Exploring the nature of the therapeutic alliance in technology-based interventions for mental health problems

Hillier, Laura and Lobban, Fiona and Jones, Steven and Dagnan, Dave (2018) Exploring the nature of the therapeutic alliance in technology-based interventions for mental health problems. Masters thesis, Lancaster University.

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Background: Digital technology is increasingly being used in healthcare delivery, and can potentially improve access to psychological services. “Technology-based interventions” (TBIs) are a form of self-guided psychological treatment delivered by digital technology, such as computer programs, websites, or smartphones. Little is known about how these work, and high drop-out rates raise a pressing need to understand user engagement. The therapeutic alliance concerns the level of collaboration in therapy, and is strongly linked to face-to-face treatment’s effectiveness. The validity of therapeutic alliance is uncertain in TBIs, but it may contribute towards an understanding of user engagement. Objective: To explore the nature of the therapeutic alliance in the context of technology-based interventions (TBIs) for mental health problems. Methods: A systematic review was undertaken, which included qualitative, quantitative and mixed methods research. 13 papers were analysed using a best-fit framework synthesis approach. A qualitative study was also conducted, using topic-guided interviews to explore 13 participants’ experiences regarding their interaction and engagement with TBIs. Thematic analysis was used to analyse the data. Results: The user-TBI alliance is largely comprised of similar dimensions to the alliance in face-to-face therapy. There are also some new dimensions which specifically apply to TBIs: interactivity (personalising a TBI), and availability (flexible access to treatment). The user-TBI alliance may not be directly associated with outcomes, but it does appear to be related to user engagement. Conclusions: TBI users can experience a therapeutic alliance with the digital technology, especially if the TBI is sufficiently personalised. The terminology of a “relationship” with digital technology is generally unacceptable to TBI users, which will pose challenges when attempting to adapt or design alliance measures that take account of the unique TBI context.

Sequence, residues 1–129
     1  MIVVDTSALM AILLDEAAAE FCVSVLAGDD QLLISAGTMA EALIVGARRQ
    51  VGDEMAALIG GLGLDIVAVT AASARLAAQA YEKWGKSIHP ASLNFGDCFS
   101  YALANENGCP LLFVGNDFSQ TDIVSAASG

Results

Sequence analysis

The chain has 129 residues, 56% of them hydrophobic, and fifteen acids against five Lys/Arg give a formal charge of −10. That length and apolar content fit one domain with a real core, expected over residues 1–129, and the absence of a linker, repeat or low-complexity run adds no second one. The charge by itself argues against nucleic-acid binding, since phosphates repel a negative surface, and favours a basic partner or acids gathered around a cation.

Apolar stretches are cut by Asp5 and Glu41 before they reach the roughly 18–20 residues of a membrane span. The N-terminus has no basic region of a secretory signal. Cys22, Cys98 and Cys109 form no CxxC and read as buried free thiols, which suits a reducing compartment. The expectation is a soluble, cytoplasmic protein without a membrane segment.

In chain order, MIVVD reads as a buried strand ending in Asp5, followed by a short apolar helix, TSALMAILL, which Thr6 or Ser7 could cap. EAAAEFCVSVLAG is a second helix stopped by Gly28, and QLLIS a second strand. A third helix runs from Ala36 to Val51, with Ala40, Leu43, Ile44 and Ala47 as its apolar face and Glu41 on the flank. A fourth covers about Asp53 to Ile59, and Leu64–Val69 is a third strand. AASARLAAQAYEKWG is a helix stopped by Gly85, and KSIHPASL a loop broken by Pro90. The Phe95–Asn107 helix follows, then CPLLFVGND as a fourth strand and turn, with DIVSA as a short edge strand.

Item Type:
Thesis (Masters)
?? therapeutic alliancetherapeutic relationship working alliancetechnology-based interventionsmental healthself-helpdigital healthe-healthonline interventionsm-healthself-guided ??
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Deposited On:
21 Sep 2018 09:40
Last Modified:
05 Jun 2024 23:41